135

Ansiktsigenkänning för närvarohantering i skolan : Möjligheter och utmaningar utifrån ett användarperspektiv / Face Recognition for Attendance Management in Schools : Opportunities and Challenges From a User Perspective

Holmqvist, Sebastian January 2019 (has links)
I takt med att samhället i stort digitaliseras i hisnande fart kommer även fler och fler lösningar på hur teknik kan hjälpa elever och lärare i den svenska skolan. Internet of Things är på uppgång och nya tekniker för ansiktsigenkänning och databehandling öppnar upp för olika automatiseringsmöjligheter. Syftet med denna rapport är att undersöka användarnas upplevelse av ansiktsigenkänning för närvarohantering i skolan. Lärarnas administrativa börda växer och mycket lektionstid går åt till just närvarotagning, därför hoppas man kunna effektivisera lektionerna och skolan i stort med hjälp av ny teknik. Denna kvalitativa undersökning som görs i samarbete med RISE Research Institutes of Sweden undersöker upplevelsen av ansiktsigenkänningsteknik för närvarotagning och hantering i skolan ur elevernas perspektiv. En klass i en gymnasieskola i Sverige provade under en vecka en prototyp för närvarotagning och fick sedan utvärdera denna i fokusgruppsintervjuer. Resultaten pekar på en positiv inställning till tekniken generellt och att den potentiellt kan ha positiv inverkan på studiemiljön och undervisning. Det visar sig att design och interaktion spelar en viktig roll kring synen på tekniken, och denna studie ämnar ge en helhetsbild av hur elever på ett tekniskt gymnasium upplever tekniken. Undersökningen visar på designutmaningar och öppnar upp för vidare studier i exakt hur ansiktsigenkänningsteknik kan och bör användas i skolmiljö ur ett användarperspektiv. Här ges en grundläggande bild av hur elever upplever ansiktsigenkänningsteknik i skolan och undersökningen bidrar till att stärka arbetet mot en digitaliserad skola. / As society as a whole is digitized in breathtaking speed, more and more solutions to how technology can help students and teachers in the Swedish school system emerge. The Internet of Things is on the rise and new techniques for facial recognition and data processing open up for various automation possibilities. The purpose of this report is to examine the users' experience of facial recognition for attendance management in school. The teachers' administrative burden is growing and a lot of time is devoted to attendance, so one hopes to make the classes, and the school as a whole, more efficient with the help of new technology. This qualitative study, conducted in collaboration with RISE Research Institutes of Sweden, examines the experience of facial recognition techniques for attendance and management in school from the pupils' perspective. One class in a high school in Sweden tested a prototype for attendance during one week and then evaluated it in focus group interviews. The results point to a positive attitude towards the technology in general and that it can potentially have a positive impact on the study environment and teaching. It turns out that design and interaction play an important role in the view of the technology, and this study aims to give an overall picture of how students in a Swedish high school experience the technology. The study shows design challenges and opens up for further studies in exactly how facial recognition technology can and should be used in a school environment from a user perspective. Here, a basic picture is given of how students experience facial recognition technology in school and the study helps to strengthen the work towards a digitized school.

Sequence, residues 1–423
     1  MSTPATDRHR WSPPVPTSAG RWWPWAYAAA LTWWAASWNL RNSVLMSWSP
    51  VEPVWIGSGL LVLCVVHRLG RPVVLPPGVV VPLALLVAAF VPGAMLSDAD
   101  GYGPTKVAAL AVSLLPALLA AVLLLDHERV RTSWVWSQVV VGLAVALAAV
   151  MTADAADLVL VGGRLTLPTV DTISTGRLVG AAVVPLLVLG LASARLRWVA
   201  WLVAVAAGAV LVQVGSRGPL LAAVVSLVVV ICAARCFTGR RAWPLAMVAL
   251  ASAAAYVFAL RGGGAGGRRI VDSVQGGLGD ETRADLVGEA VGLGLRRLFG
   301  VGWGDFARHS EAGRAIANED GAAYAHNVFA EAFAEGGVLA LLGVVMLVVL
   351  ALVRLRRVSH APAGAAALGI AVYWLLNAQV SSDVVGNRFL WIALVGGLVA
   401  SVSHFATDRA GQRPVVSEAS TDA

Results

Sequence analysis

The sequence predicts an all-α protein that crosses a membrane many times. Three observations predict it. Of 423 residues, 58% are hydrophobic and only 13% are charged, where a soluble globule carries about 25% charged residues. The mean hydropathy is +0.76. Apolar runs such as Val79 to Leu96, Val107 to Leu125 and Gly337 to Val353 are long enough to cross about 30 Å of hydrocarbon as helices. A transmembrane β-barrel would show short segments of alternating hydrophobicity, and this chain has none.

136

A Framework of Freehand Gesture Interaction: Techniques, Guidelines, and Applications

Ni, Tao 17 November 2011 (has links)